main = "leader observations (blue)", pch = 16, cex = .5)
leads <- lead[[1]]$leaders
points(x[leads,1],x[leads,3],pch="+",cex=1.5,col="dodgerblue")

Probability of outlyingness for the leader partitions can be estimated through an exponential fit to an outlier statistic to data simulated from the partition proportions, centroids, and variances (function \verb|simData|). The process is repeated for a number of simulations:

  require(mclust)
  require(MASS)
ntimes <- 100
P <- matrix( NA, length(leads), ntimes)
for (i in 1:ntimes) {
   P[,i] <- partProb( simData(lead[[1]]), method = "distance")
}
pprobs <- apply( P, 1, median)

Here we've used the "distance" option for the outlier method; other options are available. To show the leaders with estimated outlier probability greater than $.95$:

thresh <- .95
plot(x[,1], x[,3], xlab = "100 meter timings", ylab = "1500 meter timings", 
     main = "leaders: outlier prob > .95 red else blue", pch = 16, cex = .5)
out <- leads[pprobs > thresh]
points(x[leads,1],x[leads,3],pch="+",cex=1.5,col="dodgerblue")
points(x[out,1],x[out,3],pch="*",cex=1.5,col="red")

We now obtain outlier probabilities for all of the data:

probs <- allProb(lead[[1]],pprobs)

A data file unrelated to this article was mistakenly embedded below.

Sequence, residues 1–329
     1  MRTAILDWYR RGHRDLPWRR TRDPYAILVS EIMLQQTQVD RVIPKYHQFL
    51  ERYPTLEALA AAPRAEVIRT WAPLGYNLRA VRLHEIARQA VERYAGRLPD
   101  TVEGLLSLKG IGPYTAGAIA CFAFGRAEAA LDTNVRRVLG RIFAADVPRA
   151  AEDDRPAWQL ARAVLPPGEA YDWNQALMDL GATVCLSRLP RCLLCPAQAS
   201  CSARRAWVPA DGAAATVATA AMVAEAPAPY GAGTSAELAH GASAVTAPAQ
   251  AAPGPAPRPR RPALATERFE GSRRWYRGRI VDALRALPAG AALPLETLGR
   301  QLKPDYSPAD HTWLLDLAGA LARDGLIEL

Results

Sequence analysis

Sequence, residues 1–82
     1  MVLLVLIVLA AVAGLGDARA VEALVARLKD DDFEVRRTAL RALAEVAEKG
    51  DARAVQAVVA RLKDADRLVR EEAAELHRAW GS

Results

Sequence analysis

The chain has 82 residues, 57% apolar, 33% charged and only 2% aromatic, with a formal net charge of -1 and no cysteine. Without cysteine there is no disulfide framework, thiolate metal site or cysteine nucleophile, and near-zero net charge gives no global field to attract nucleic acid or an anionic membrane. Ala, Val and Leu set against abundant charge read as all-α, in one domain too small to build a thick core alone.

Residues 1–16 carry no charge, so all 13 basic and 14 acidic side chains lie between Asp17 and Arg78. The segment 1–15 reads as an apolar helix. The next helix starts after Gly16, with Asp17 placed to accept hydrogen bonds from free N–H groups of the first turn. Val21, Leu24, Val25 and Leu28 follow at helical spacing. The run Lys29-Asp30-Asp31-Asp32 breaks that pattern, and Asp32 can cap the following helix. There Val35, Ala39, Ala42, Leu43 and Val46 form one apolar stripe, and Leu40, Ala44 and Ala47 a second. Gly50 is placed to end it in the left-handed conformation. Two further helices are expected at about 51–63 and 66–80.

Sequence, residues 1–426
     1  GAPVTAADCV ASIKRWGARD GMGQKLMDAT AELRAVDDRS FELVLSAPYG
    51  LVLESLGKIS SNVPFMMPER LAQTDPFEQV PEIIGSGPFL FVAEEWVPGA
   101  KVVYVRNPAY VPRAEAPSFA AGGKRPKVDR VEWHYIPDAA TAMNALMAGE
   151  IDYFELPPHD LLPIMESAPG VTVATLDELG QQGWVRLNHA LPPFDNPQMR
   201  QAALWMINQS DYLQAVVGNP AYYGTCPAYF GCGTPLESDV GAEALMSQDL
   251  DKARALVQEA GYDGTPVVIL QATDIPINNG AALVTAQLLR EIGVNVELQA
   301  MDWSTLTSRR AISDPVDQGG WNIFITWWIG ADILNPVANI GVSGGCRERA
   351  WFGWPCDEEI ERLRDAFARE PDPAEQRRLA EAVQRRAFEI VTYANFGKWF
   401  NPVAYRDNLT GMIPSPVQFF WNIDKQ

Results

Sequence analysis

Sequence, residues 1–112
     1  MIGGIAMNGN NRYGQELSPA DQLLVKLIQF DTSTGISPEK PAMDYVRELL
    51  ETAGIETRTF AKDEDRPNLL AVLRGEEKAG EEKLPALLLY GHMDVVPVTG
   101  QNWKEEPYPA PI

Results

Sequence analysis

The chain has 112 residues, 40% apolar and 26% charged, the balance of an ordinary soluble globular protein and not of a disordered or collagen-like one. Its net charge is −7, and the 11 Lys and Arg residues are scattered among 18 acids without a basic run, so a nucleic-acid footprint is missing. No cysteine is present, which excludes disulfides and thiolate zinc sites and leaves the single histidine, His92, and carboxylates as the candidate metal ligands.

plot(x[,1], x[,3], xlab = "100 meter timings", ylab = "1500 meter timings", 
     main = "outlier prob > .95 (red)", pch = 16, cex = .5)
out <- (1:nrow(x))[probs > thresh]
points(x[out,1],x[out,3],pch=1,col="red")

Parameter Tuning

While probout is written as a general tool for estimating outlier probabilities, we expect it to be most useful when tuned to specific applications. Probability estimates can vary with parameter settings, and parameters can often be effectively tuned via profiling. Here is an example involving adjusting the number of simulations until a value is reached after which the estimates remain stable. For this example, at least 8,000 simulations should be used to achieve this, given the other parameter settings.

nsim <-  (1:15)*1000
nleads <- length(leads)
ntimes <- 100

P <- array( NA, c(nleads, length(nsim), ntimes))
dimnames(P) <- list(NULL, nsim, NULL)

for (i in 1:ntimes) {
   for (j in seq(along = nsim)) {
      P[,j,i] <- partProb( simData(lead[[1]], nsim[j]), method = "distance")
   }
}
probs <- apply( P, c(1,2), median)
plot( nsim, sample(range(probs),size=length(nsim),replace=T), ylim = c(.90,1),
 type="n", xlab = "# simulated observations", ylab = "leader group probability")
dummy <- apply( probs, 1, function(p) lines(nsim,p))
abline( v = 8000, lty = 2)

Bibiliography

J. Hartigan (1975), Clustering Algorithms, Wiley.

W. A. Stahel (1981), Breakdown of Covariance Estimators, doctoral thesis, Fachgruppe fur Statistik, Eidgenossische Technische Hochschule (ETH)

D. L. Donoho (1982), Breakdown Properties of Multivariate Location Estimators, doctoral thesis, Department of Statistics, Harvard University

L. Wilkinson (2016), Visualizing Outliers, Department of Computer Science, University of Illinois at Chicago (2016)
https://www.cs.uic.edu/~wilkinson/Publications/outliers.pdf

C. Fraley (2016), HDoutliers: Leland Wilkinson's Algorithm for Detecting Multidimensional Outliers (R package available on CRAN) https://cran.r-project.org/package=HDoutliers



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probout documentation built on May 1, 2019, 6:58 p.m.